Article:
Building Ireland’s Smart Economy

The Irish government’s economic recovery plan can be found here. This report has a wide-ranging agenda.

For university-based economists, the following section is especially interesting, since it may represent an important shift in the government’s approach to funding research:

“The creation of more concentrated research-intensive excellence will enhance the country’s reputation internationally and its ability to attract top-level researchers and will underline Ireland’s intentions in terms of the development of the Smart Economy.  It will also enhance the international exposure of Irish
universities and institutes of technology.”
(page 75)

5 replies on “Building Ireland’s Smart Economy”

It is easy to be cynical about this report, so here goes. (But I will limit myself to three comments.)

The crucial word in the sentence quoted above is ‘concentrated’. But isn’t this a good example of the main criticism of the report, namely that it is just restating already existing policies? Dublin-level PhD training in economics is a great idea, but we are already doing this, so what is new?

The report is in love with the word ‘ecosystem’. As in, “the objective is to create an exemplary research, innovation and commercialisation ecosystem”. This to me is a great example of what the Irish are really good at when it comes right down to it: hype and marketing. But in our line of business, that only goes so far. Undergrads who were comfortable with calculus would be better.

The latest RAE results in economics are available here: Dublin has come on hugely as a place to do economics in recent years. But how high in this table do we honestly think that Dublin, as a unit, would have been placed? And apart from the average rankings, just look at the sheer size of some of these UK departments. Does anyone really think we will ever be able to compete on anything other than a niche basis?

(I assume that what is true for economics is also true for the sorts of subjects the government presumably cares more about.)

Kevin’s right. Ireland is so small that we can only hope to lead the world in a few niches. That is true for economics as much as for the wider economy. In order to lead a niche, you need to choose and stick to your choice — but you also need to be realistic.

The smart, green economy of the government revolves around energy R&D. For sure, the people who will lead the revolution in energy supply that will have to come, will be incredibly rich. However, Ireland does not have a tradition in energy research, or even in the areas that support energy research. The Scots and Portuguese are miles ahead in ocean energy, the Danes in wind, the Canadians in fuel cells, the Americans in biotech, the Germans, French and Japanese in transport, the Chinese in efficient coal … As they are all working hard to maintain and extend their lead, it is hard to imagine the Irish leapfrogging to pole position.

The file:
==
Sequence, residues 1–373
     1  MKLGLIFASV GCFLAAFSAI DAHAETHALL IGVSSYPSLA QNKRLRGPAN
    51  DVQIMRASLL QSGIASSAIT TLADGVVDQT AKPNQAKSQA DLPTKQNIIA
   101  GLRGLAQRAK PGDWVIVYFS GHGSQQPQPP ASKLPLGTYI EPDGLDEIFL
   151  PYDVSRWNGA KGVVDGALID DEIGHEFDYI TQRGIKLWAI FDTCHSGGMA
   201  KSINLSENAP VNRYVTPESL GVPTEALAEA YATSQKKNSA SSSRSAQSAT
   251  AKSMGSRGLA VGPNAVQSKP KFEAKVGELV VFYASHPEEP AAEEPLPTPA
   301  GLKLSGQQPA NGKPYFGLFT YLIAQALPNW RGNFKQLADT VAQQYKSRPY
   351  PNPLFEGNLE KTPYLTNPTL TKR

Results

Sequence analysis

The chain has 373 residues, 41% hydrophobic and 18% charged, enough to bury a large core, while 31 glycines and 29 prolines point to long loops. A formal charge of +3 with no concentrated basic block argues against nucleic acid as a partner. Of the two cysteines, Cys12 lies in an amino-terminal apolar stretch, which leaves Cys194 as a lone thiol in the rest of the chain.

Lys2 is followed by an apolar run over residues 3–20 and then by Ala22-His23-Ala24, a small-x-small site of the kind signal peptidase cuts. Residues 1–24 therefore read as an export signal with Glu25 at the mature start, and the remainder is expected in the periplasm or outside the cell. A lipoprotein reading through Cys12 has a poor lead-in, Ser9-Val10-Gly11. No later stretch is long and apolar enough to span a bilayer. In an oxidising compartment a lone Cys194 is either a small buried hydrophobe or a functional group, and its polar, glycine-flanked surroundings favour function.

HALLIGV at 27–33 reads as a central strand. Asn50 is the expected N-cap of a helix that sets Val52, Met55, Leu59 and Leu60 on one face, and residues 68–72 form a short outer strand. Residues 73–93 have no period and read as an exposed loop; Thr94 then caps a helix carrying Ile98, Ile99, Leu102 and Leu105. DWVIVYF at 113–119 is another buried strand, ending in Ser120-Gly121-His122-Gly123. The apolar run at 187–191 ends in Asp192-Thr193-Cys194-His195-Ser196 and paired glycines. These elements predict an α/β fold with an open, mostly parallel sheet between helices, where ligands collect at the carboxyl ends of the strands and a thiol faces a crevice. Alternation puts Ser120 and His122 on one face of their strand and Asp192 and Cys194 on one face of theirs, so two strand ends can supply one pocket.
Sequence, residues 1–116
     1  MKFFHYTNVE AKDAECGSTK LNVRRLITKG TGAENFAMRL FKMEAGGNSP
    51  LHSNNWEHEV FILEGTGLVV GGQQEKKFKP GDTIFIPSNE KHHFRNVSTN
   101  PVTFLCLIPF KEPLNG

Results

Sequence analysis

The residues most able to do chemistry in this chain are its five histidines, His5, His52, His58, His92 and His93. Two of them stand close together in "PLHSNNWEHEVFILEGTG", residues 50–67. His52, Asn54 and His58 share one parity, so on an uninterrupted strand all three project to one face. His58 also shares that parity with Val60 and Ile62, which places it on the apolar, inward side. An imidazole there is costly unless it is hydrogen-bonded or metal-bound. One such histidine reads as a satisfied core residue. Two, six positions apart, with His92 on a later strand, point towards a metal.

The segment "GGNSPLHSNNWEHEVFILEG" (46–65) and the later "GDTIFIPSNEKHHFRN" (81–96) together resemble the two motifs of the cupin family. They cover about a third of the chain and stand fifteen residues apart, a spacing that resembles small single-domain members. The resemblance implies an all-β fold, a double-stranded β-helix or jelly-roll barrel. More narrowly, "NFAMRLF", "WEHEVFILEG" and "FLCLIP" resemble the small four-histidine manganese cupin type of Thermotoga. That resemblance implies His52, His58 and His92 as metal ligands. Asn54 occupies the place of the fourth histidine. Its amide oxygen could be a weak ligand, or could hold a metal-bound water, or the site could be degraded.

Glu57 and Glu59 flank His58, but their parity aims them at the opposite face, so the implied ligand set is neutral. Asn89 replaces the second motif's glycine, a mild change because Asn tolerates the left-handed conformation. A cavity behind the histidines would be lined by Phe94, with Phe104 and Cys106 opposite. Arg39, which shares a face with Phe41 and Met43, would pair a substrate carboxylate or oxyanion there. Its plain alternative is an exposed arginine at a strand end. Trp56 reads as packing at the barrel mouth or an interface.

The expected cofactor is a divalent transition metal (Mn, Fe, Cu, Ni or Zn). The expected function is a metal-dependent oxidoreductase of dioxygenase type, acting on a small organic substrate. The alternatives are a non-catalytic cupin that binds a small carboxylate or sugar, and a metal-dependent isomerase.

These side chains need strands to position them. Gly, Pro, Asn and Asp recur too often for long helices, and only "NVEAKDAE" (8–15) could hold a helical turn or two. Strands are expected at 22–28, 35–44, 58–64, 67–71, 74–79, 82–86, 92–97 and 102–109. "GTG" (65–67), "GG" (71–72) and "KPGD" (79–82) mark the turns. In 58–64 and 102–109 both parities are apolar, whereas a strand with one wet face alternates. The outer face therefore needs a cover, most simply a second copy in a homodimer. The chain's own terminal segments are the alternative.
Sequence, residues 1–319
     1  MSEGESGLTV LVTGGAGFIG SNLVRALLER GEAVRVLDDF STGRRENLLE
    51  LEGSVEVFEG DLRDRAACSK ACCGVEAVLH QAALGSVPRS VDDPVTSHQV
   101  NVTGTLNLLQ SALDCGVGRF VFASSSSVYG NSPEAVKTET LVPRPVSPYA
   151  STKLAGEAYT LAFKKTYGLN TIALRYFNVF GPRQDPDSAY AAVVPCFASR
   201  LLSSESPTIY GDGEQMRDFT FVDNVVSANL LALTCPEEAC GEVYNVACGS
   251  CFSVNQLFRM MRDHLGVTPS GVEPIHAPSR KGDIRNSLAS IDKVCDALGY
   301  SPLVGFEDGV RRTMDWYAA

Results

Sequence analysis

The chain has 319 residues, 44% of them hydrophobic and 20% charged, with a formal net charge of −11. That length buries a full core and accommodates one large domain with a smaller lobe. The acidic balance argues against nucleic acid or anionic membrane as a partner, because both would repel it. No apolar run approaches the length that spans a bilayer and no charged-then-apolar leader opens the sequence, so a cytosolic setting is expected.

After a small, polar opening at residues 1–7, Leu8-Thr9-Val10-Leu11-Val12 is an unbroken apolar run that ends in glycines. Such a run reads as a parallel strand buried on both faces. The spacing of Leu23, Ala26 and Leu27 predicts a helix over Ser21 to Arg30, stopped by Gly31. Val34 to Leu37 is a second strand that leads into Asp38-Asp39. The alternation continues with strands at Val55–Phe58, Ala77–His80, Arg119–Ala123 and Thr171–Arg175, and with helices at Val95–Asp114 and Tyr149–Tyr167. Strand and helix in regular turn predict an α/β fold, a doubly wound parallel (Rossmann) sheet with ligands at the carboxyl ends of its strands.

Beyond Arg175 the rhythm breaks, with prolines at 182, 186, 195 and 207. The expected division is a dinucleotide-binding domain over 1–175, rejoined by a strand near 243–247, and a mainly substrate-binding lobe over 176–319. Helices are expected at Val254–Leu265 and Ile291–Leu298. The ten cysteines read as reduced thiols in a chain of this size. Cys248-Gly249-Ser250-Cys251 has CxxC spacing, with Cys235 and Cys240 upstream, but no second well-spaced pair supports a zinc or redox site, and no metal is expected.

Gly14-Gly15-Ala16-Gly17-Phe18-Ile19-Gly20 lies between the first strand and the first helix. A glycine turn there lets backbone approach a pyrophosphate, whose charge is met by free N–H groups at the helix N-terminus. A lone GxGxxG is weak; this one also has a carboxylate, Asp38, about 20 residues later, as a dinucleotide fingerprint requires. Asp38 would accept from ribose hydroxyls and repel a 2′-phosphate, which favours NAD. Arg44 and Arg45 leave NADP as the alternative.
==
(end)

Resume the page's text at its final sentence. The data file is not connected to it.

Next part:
Indeed, has this plan any substance at all. I mean, it looks like a cut and paste job – down to the second ‘key action’ in ‘Action Area 4: Investing in Critical Infrastructure’ being the DAA’s investment plans for Dublin Airport, which were largely shelved. The DAA’s announcement of the scale-back in investment appeared in papers on the morning that the Smart Economy document was published. (I’ve commented on this is more detail elsewhere

It sort of suggests no real thought went into that document at all.

Ireland can only afford 1 or 2 good universities: Trinity and UCD will have to be the “research” schools, the rest will be “teaching schools.” Look at how the small US state organize their public universities. Maryland, for example, has 8 or 9 public universities for about 5m people. Most of the state budget goes to the flagship campus of UMD in College Park. North Carolina does the same with UNC at Chapel Hill. Any of the small states with top public universities that are ranked in the top 25 public universities in the US do this (California is huge so it can afford both UCLA and Berkeley — and UC Davis and Irvine, which are also good).

That seems fine, in principle, and you’ll probably find few here who would disagree with you.

But how do you build the political consensus to do that? Remember, we’re dealing in a context where any public investment in Dublin is a cause for resentment. Actually formulating a plan on the basis that only Dublin will have real universities would seem hard to deliver.

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